Benjamin Franklin Papers
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From Benjamin Franklin to Mary Stevenson, 22 March 1762

To Mary Stevenson

MS not found; reprinted from Stan. V. Henkels, Catalogue No. 1262 (July 1, 1920), pp. 15–16.4

London, March 22, 1762.

My dear Friend,

I must retract the Charge of Idleness in your Studies, when I find you have gone thro’ the doubly difficult Task of reading so big a Book on an abstruse Subject and in a foreign Language.5

The Question you were about to ask is a very sensible one. The Hand that holds the Bottle receives and conducts away the electric Fluid that is driven out of the outside by the repulsive Power of that which is forc’d into the inside of the Bottle. As long as that Power remains in the same Situation, it must prevent the Return of what it had expell’d; tho’ the Hand would readily supply the Quantity if it could be receiv’d.

Your good Mama bids me tell you, that she has made Enquiry and finds that the School for Lovers will not be acted till the Benefits are over;6 but when she hears that it is to be acted she will send you timely Notice. I need not add, that your and your Friends Company at Dinner that Day will be a great Pleasure to us all. But methinks ’tis a Pity, that when you are so desirous of studying in that School, it should not be open, and must we be depriv’d of the Happiness of seeing you till it is? Rather than that should be, I would almost venture to undertake reading you a few Lectures on the Subject myself.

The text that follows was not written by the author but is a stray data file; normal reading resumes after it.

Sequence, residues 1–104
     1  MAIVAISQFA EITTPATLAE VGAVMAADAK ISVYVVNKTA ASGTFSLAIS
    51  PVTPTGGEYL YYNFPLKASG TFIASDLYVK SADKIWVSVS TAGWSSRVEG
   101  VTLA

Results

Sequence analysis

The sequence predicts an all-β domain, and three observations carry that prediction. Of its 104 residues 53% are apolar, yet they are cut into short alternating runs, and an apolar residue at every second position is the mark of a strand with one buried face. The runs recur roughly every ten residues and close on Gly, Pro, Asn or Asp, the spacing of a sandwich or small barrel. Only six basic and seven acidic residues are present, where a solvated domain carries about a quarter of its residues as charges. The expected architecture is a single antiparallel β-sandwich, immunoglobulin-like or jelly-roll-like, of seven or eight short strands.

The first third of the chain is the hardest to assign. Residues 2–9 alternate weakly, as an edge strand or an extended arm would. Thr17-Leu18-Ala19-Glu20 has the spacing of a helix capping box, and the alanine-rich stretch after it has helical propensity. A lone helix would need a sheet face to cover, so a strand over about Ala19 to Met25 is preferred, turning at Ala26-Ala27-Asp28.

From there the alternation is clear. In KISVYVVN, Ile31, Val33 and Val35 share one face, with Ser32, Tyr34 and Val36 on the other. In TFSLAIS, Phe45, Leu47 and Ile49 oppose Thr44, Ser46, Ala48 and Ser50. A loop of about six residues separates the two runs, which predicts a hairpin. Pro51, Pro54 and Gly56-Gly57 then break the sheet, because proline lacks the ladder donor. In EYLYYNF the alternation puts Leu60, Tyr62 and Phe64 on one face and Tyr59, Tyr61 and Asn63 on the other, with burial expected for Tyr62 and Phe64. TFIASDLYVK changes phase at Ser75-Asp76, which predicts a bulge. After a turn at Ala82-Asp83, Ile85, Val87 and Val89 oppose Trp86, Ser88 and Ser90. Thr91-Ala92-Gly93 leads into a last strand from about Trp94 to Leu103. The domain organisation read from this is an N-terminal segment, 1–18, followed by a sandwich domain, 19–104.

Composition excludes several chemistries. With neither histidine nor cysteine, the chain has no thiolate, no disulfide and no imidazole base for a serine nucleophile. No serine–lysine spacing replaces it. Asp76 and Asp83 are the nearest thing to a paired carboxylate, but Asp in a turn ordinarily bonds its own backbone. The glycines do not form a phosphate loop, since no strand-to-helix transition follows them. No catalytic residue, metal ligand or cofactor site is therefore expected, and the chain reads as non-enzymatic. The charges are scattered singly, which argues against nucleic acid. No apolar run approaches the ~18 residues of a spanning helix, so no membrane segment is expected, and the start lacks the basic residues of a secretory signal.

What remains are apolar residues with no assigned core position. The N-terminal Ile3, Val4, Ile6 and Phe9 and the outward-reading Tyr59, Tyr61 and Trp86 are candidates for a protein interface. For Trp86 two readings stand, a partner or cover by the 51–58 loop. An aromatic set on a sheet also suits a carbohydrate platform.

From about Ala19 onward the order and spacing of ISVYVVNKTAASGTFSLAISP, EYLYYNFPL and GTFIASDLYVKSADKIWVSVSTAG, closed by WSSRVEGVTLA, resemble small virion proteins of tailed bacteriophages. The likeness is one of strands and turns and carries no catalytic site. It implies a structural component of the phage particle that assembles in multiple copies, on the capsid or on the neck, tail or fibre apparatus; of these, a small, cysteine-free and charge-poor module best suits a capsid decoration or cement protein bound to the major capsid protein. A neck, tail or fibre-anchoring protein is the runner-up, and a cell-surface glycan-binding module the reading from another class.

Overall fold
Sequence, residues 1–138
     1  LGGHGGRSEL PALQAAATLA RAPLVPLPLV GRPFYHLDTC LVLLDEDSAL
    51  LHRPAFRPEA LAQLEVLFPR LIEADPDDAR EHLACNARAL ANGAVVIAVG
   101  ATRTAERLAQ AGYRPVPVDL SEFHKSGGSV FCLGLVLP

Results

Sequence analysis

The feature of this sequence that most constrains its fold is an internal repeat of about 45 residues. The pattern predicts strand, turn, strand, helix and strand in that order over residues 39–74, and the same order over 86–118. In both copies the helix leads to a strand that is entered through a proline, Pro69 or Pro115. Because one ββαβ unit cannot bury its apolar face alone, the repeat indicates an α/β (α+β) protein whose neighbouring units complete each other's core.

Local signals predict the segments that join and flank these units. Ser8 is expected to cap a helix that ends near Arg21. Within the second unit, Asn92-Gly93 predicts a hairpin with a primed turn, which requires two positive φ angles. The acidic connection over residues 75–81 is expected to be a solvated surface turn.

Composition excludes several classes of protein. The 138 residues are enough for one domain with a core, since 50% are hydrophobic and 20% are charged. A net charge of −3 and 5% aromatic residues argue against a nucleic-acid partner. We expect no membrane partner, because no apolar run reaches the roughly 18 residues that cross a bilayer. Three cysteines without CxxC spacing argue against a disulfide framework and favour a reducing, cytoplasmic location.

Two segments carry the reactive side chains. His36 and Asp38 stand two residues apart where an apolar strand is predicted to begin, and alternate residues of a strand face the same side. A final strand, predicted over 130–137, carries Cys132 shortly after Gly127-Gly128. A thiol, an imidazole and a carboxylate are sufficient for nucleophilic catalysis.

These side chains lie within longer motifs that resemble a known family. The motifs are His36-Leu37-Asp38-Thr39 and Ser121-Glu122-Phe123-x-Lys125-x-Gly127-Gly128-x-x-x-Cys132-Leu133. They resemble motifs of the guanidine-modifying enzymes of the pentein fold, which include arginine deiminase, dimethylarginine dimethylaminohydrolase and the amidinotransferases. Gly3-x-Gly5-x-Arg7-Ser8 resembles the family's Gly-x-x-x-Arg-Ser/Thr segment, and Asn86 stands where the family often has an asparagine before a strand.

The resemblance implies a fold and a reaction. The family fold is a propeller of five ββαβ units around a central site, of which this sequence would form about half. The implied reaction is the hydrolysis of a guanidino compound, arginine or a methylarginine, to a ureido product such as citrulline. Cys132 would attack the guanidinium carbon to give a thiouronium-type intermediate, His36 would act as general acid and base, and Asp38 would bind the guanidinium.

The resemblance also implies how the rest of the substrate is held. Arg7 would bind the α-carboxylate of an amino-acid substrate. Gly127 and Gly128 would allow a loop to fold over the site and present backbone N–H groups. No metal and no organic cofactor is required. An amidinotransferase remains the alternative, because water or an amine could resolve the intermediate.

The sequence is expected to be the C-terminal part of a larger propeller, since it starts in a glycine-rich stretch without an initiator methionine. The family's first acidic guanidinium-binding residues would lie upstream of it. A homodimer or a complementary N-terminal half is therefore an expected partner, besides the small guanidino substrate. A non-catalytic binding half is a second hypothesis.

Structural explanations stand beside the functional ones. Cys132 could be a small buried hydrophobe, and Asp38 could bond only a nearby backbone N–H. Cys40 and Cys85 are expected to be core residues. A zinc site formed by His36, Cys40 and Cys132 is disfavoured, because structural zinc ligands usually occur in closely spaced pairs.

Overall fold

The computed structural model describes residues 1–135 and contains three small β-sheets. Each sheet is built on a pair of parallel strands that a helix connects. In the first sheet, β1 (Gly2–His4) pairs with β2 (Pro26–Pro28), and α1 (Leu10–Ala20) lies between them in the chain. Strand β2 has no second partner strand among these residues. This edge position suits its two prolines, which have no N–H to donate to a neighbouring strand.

If you are not to be in town in a few Days, I should be glad you would send the French Letters, on Electricity, as a Friend is desirous of perusing them.

My sincere Respects to Mrs. Tickell, Mrs. Rooke, Miss Pitt, etc. and believe me ever, my dear Polly, your affectionate Friend,

B. Franklin.

[Note numbering follows the Franklin Papers source.]

4The first two paragraphs were printed as Letter LIII in Exper. and Obser., 1769 edit., pp. 460–1; 1774 edit., pp. 470–1.

5Polly had been reading the second edition of Dalibard’s translation of BF’s Exper. and Obser. The question discussed in the next paragraph is one she had raised regarding a passage in it; see above, p. 65.

6The School for Lovers, a comedy in verse by William Whitehead (1715–1785), poet laureate, 1757–85, was first played at Drury Lane, Feb. 10, 1762, and its publication “this day” was announced in London Chron., Feb. 13–16, 1762. An extended review in Gent. Mag., XXXII (April 1762), 157–61, praised it for its “extremely well drawn, and sustained” characters, its “natural and spirited” dialogue, and its “chaste and elegant” sentiments. It was revived in 1775 and 1794. “William Whitehead,” DNB.

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